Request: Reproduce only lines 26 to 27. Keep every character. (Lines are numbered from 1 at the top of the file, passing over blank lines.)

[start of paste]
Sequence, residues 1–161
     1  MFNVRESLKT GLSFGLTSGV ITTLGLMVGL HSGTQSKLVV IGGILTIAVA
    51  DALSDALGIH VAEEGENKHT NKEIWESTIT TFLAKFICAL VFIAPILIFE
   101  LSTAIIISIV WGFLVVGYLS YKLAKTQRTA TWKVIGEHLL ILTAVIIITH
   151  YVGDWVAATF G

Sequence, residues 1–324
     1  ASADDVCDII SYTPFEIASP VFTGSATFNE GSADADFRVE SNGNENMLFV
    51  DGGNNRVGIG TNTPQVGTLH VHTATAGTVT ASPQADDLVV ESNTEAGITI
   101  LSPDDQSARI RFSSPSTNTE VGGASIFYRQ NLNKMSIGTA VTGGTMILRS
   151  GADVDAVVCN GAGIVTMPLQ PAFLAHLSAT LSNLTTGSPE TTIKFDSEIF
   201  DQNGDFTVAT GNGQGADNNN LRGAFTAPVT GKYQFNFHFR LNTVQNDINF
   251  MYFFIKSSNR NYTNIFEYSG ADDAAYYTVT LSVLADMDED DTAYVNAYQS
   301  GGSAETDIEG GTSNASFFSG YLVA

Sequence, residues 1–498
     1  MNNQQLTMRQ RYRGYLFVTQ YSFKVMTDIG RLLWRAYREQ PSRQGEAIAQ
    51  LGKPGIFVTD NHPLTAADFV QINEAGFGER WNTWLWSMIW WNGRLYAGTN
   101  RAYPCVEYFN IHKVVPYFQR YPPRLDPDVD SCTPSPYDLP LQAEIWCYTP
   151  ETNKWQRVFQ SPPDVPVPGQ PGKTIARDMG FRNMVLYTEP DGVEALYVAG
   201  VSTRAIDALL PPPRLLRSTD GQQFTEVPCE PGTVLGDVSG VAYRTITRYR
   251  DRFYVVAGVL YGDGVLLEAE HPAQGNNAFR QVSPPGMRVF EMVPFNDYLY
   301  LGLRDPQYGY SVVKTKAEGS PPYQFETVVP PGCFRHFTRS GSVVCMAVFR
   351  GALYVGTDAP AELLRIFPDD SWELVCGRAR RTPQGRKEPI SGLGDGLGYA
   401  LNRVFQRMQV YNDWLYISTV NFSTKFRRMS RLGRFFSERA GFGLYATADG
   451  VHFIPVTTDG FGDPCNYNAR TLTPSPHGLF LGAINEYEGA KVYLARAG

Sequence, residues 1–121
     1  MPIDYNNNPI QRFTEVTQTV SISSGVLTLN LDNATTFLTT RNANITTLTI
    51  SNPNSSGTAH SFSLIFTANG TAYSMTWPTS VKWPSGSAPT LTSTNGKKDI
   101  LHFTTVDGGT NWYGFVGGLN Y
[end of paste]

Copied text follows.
     1  MPIDYNNNPI QRFTEVTQTV SISSGVLTLN LDNATTFLTT RNANITTLTI
    51  SNPNSSGTAH SFSLIFTANG TAYSMTWPTS VKWPSGSAPT LTSTNGKKDI